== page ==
New leadership will steer the Woodstock Public Library into the next chapter of planning for a new building after the razor-thin defeat of a $5.8 million bond. Library Board of Trustees President Dorothea Marcus has passed the baton to trustee Jeff Collins. Marcus will still be a trustee. The board unanimously approved Collins as president at its January 7 organizational meeting. No other nominations were offered.
“I’ve been very happy and proud to be president these past years,” said Marcus, who had planned earlier to step down as president after finishing 2020. “We’re in a new phase now, and it’s time for new leadership.”
Trustee Caroline Jerome voiced her appreciation for Marcus’ leadership. “I wanted to recognize how much you’ve given to this position,” she said. “It’s been fabulous working with you as a leader, and I look forward to working with you in the future.” Liz Rosen echoed those thoughts, saying it was a pleasure to work with Marcus and is happy to welcome Collins as the new president.
The board also reappointed Barry Miller as vice president, Liz Rosen as fiscal officer, and David Lewis as secretary.
For Collins, who was just elected to his first full term as trustee after filling a vacancy, it’s time to get down to business.
“I have a plan for resolving the building issue by the end of the year and have it approved by the town,” he said.
Collins said the board will look at all viable options including the plan by architect Stephen Tilly, but remains unconvinced renovation is an option. There are many unknowns with the building structure and integrity that need to be explored.
Collins acknowledges concerns about the cost of a new building and the viability of borrowing in the middle of a pandemic, but is focused on gathering all relevant facts to present them to the public.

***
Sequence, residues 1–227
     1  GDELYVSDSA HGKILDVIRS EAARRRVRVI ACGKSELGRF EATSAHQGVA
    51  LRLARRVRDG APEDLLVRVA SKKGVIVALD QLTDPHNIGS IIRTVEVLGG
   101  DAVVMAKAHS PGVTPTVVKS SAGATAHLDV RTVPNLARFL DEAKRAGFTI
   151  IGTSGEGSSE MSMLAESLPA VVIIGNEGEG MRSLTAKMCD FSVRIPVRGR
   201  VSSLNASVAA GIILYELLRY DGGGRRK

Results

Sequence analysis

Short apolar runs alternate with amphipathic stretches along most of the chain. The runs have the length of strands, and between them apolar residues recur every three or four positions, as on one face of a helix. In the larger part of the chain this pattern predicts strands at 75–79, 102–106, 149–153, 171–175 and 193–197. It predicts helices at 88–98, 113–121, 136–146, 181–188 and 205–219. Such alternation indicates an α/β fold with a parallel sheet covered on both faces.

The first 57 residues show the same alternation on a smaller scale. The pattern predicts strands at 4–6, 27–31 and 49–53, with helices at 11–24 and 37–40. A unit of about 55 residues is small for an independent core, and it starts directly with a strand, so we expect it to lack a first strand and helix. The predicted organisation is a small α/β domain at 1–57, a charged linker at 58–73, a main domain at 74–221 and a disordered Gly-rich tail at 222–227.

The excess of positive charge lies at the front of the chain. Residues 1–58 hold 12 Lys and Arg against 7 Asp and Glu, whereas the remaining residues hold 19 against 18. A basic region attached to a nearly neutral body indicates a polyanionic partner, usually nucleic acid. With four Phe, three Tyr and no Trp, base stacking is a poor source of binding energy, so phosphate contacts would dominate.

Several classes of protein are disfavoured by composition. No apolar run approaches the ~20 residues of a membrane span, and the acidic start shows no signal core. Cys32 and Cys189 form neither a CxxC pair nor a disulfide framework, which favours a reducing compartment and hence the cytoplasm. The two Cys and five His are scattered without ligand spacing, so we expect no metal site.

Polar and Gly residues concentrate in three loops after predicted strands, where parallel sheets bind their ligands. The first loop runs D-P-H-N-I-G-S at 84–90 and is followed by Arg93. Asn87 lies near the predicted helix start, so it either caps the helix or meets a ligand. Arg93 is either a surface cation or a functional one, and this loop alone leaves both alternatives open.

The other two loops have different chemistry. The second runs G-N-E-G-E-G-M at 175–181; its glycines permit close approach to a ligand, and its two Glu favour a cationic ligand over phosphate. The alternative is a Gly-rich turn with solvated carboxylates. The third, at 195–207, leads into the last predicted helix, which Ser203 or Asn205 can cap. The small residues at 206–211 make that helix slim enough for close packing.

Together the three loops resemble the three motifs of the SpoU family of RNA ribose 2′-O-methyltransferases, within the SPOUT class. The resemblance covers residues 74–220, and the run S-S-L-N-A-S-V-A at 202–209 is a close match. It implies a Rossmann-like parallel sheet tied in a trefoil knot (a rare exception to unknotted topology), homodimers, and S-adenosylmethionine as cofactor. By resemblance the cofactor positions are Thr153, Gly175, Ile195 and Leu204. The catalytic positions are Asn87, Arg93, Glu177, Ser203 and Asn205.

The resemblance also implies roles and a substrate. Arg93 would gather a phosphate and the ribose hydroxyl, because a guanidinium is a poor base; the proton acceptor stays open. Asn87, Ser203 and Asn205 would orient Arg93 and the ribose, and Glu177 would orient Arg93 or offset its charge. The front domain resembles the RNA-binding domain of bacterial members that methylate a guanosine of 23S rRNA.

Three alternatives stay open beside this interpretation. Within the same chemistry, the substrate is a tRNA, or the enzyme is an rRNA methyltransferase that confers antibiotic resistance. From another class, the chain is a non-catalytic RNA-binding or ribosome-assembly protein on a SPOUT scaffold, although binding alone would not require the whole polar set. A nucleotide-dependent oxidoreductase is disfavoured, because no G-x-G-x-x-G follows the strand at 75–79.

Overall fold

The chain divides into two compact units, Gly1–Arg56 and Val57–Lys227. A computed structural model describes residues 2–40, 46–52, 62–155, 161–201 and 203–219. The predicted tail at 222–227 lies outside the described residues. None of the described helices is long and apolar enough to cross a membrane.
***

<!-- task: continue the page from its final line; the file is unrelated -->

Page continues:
“We’re investigating all aspects of what we can do with the building. As we hear from the community we’ll make it public.”
The bottom line, said Collins, is everyone agrees something must be done about the building, but how to approach it is where people differ.
“Those are things we need to work on to make sure town as a whole supports the project. We want to be in a position where a significant portion of the town approves of what we’re doing,” he said.
“We need to inform the community better than how they’ve been informed. It’s always hard to get messages out,” Collins said.
“We’ll start from where we all agree and look at what the facts are. We’ll make sure facts are obvious and apparent to everyone. Let’s make sure we agree on the facts.”
Collins is no stranger to shepherding major projects through town approval. He founded the Hudson Valley Sudbury School in Woodstock.
Collins continues to have an active role in local politics. He serves on the state Democratic Committee and is the First Vice Chair of the Ulster County Democratic Committee and Treasurer of the Woodstock Democratic Committee. He ran for the 46th State Senate district, but ended his campaign when Michelle Hinchey announced her candidacy and served as her policy advisor. Collins is also on the Family of Woodstock board of directors.
Collins said he is always welcome to comments from the public and can be reached by emailing firstname.lastname@example.org
More time for other projects
Marcus, who has been on the board since 2014, became president in 2017 and was re-elected to a new five-year term as trustee in 2019. Marcus hadn’t planned on staying in the leadership role as long as she did, but felt devoted to the building project.
“I decided I would at least see us through the bond vote no matter what happened,” she said.
“If the bond prevailed I thought Jeff would be a good person to take us through that. If the bond had been dramatically defeated, I probably would have resigned from the board.”
Marcus said her decision to step down was not taken lightly because she finds the work satisfying.
Marcus led the board through a tumultuous period that included the appointment of a new director who ultimately didn’t work out as planned and the resignation of then-librarian Jessica Kerr. She oversaw the brief role of former trustee Tamara Katzowitz as interim director, then the rehiring of Kerr to her new role as director.
Marcus saw the library survive a campaign to dissolve its special district by a group opposed to the plans for a new building. The referendum for dissolution was defeated, but it was an exhausting and demoralizing time for the board and staff.
“I feel like we’re coming out of this weird year and it’s almost like coming into a new decade. I’ll have space and time for new projects and new energy,” said Marcus, a real estate agent, who now has time to focus on her art and other endeavors.
Though she has a deep appreciation for the trustees and library staff and feels the change will leave a hole in her life, Marcus said it was the right decision.
“I feel lighter and more relieved every day.”